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Our conservation work at Montacute House

Pavilion in the East Court Garden, Montacute House, Somerset
The Trust carries out extensive work to ensure that Montacute House and its garden stay in good shape | © National Trust Images/James Dobson

The National Trust team at Montacute House work hard to ensure that this late-Elizabethan mansion and its garden are maintained all year round. Here, we highlight some of the important jobs that we’ve undertaken in recent times.

Reshaping Montacute’s yew trees

The garden at Montacute House is known for its yew trees, and keeping them in tip-top condition can sometimes require radical treatment.

The 30 yews along the West Drive were pruned back hard in 2020, restoring them to their original form. These sentinel yews were planted in the 19th century as part of a tiered arrangement of three ‘avenues’. But over time, the growth of the trees behind the yews had pushed them out of shape.

The job involved unwinding the wires that bind the branches together, and then cutting the branches back. The result looked a bit scary at first, but had to be done to stop the Irish yews splitting and breaking.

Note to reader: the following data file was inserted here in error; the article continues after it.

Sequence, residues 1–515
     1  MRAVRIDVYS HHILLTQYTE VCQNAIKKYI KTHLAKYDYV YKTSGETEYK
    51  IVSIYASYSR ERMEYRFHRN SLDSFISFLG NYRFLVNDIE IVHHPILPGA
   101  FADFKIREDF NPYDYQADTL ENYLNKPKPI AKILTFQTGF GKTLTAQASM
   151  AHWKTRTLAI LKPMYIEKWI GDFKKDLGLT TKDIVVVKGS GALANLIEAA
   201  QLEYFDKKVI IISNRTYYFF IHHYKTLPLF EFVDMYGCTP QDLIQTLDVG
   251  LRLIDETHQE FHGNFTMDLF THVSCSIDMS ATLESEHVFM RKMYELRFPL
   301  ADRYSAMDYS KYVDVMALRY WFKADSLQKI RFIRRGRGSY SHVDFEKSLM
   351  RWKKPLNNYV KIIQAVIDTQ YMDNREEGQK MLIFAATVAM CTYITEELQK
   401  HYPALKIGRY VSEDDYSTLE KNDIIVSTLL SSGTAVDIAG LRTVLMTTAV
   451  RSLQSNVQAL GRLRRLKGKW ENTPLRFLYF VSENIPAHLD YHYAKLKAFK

Before working on the yews along the West Drive, the garden team tackled the yews on Cedar Lawn in 2019, reducing the height and width significantly. You'll see that green shoots are now sprouting on the bare branches.

The North Garden at Montacute House, Somerset
We intend to re-image the North Garden's parterre using the original 1860s plans | © National Trust Images/James Dobson

Restoration of the North Garden

This part of the garden was built at the same time as the house and was designed to be seen from above. After 1845, William and Ellen Phelips moved into Montacute House, and the garden was remodelled within its original structure.

The lines mown into the grass outline the original 17th-century parterre. The design has been taken from original historical plans – the short grass represents paths and the longer grass where the flower beds would've been.

Our ambition is to use the plans and photographs from 1860, when the garden was remodelled, to re-image and replant the parterre.

Replanting the roses

The rose border is part of the restoration; It was planted in the 1970s and many of the roses were starting to fail. The plants have been removed and the border left fallow so that the weeds can be treated and the soil re-conditioned.

The border will be replanted in a style more in keeping with the parterre restoration and the wider garden. We will still plant roses for summer colour, but will also introduce smaller shrubs to add interest for the remaining months.

Thank you

With your ongoing support, we're able to continue our vital conservation work. Thank you for helping to protect these special places.

View of the east side of Montacute House from Cedar Lawn with sunshine hitting the house

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